In addition to Tanden, Biden on Monday said he would nominate Cecilia Rouse, an African American labor economist at Princeton University, as his nominee to head the Council of Economic Advisers, and Wally Adeyemo, a former top adviser in economic and national security roles under former President Obama, to serve as the first African American deputy Treasury secretary.

“President-elect Biden will build a diverse administration that looks like America, starting with the first woman of South Asian descent and first Black woman to serve as Vice President-elect,” a Biden-Harris transition spokesperson said in a statement.

“His campaign and transition both succeeded in this effort,” the spokesperson added. “He has only announced a few White House staff and cabinet nominees to this point, and his success in finding diverse voices to develop and implement his policy vision to tackle our nation’s toughest challenges will be clear when our full slate of appointees and nominees is complete.”

Forty-one percent of the transition’s senior staff are people of color, and 53 percent are women. Of the 13 members of Biden’s coronavirus advisory board, five are women and nine are people of color.

But Linda Thomas-Greenfield, Biden’s pick to represent the U.S. at the United Nations, is so far the only Black person to be nominated for a Senate-confirmed Cabinet position.

“I think Democrats can be pleased in the selections so far because they reflect the broad coalition that got him elected,” said Basil Smikle, a Democratic political strategist and lecturer at Columbia University.

At the same time, Smikle said that Clyburn was “well within his right” to voice concerns given the critical role he played in Biden’s election and said that one would hope Biden’s transition team would be responsive to his overtures.

Biden has managed to satisfy progressives thus far with his choices. Adam Green, whose organization, the Progressive Change Campaign Committee, submitted a list of individuals to serve personnel posts to the Biden-Harris transition team, said progressives have been encouraged particularly by the choice of Ron Klain as chief of staff and Janet Yellen as Treasury secretary.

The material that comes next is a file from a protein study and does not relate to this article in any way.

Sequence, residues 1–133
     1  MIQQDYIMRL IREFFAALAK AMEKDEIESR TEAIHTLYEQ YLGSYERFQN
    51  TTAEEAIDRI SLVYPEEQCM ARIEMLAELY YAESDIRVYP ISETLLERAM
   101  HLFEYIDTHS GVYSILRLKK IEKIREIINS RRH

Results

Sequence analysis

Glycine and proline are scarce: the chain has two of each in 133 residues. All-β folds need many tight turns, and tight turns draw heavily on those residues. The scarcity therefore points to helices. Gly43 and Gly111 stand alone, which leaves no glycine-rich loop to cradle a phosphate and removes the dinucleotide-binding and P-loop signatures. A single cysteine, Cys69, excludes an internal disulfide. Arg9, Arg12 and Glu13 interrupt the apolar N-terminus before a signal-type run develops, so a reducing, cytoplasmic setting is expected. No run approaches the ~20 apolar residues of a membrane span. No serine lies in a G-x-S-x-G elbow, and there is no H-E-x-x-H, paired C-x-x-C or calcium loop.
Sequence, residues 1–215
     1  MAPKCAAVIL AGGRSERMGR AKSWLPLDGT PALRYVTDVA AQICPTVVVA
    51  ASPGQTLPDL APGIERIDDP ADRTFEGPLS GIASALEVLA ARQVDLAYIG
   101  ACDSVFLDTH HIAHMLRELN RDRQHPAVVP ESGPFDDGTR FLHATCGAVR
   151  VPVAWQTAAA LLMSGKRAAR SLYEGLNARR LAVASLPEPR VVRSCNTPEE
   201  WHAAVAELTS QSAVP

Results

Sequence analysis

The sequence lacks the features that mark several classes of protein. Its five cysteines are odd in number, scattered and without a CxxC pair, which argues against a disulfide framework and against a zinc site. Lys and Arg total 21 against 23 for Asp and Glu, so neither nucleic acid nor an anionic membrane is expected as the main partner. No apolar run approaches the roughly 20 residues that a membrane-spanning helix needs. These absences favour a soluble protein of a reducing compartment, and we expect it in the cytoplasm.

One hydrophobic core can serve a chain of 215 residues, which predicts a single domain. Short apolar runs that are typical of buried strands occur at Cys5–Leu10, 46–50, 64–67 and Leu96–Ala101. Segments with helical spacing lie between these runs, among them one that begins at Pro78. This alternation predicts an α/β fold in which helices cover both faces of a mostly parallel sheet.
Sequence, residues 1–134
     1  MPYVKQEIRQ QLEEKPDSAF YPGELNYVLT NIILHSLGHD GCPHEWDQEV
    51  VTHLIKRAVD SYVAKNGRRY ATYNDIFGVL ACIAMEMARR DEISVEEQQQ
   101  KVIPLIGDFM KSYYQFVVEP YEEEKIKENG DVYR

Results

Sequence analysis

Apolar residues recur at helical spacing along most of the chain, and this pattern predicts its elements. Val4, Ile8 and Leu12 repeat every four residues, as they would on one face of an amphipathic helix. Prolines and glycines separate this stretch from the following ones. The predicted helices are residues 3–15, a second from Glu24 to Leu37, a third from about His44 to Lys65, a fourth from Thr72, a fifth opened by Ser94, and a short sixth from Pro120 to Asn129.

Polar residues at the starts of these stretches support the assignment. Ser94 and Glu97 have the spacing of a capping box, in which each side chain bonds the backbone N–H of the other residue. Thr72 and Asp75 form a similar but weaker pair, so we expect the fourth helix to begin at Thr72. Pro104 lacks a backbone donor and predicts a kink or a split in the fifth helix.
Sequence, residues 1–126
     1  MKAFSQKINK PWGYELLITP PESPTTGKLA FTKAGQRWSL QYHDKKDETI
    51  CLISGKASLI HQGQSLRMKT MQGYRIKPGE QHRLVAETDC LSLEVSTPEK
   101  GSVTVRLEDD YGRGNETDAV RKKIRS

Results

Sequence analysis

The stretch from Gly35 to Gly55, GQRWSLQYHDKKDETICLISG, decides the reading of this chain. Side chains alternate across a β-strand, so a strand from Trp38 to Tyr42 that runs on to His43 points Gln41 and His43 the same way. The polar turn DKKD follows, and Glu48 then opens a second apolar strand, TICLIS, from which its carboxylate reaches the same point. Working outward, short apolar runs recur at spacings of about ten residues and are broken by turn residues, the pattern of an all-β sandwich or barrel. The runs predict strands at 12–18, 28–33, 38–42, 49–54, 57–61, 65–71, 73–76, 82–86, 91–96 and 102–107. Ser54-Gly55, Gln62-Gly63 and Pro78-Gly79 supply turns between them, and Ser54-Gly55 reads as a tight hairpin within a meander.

“The most significant announcement so far has been Ron Klain for chief of staff because he sent a larger signal that when Biden has multiple acceptable options on the table for him and progressives have a preference, he will move in that direction,” Green said.

Biden, who has pledged to unite the country amid deep partisan divisions, has also said he is open to tapping Republicans for leadership positions, something that could eventually draw fire from the liberal wing of the party.

“There are a number of really qualified Republicans,” Biden said in an interview with Lester Holt last week, though he signaled that an announcement on such a choice was further down the road.

Brazile noted that only a portion of Biden’s selections have been rolled out and that she expected to see more diversity, including in terms of age, experience and party identification, in the forthcoming announcements.

“I am looking forward to seeing more — not less — but more. I think this is a great start. I am very confident that over the course of the next couple days or weeks … you will see even more, more diversity,” Brazile said. “The good news is that these are seasoned professionals with proven backgrounds and they will be able to hit the ground running.”